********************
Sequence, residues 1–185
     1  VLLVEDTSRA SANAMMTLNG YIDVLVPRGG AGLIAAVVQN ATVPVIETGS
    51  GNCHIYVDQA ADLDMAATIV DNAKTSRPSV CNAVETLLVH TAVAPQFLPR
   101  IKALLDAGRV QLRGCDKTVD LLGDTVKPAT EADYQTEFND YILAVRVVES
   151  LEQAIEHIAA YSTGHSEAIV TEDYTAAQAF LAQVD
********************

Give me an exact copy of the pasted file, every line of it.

Sequence, residues 1–185
     1  VLLVEDTSRA SANAMMTLNG YIDVLVPRGG AGLIAAVVQN ATVPVIETGS
    51  GNCHIYVDQA ADLDMAATIV DNAKTSRPSV CNAVETLLVH TAVAPQFLPR
   101  IKALLDAGRV QLRGCDKTVD LLGDTVKPAT EADYQTEFND YILAVRVVES
   151  LEQAIEHIAA YSTGHSEAIV TEDYTAAQAF LAQVD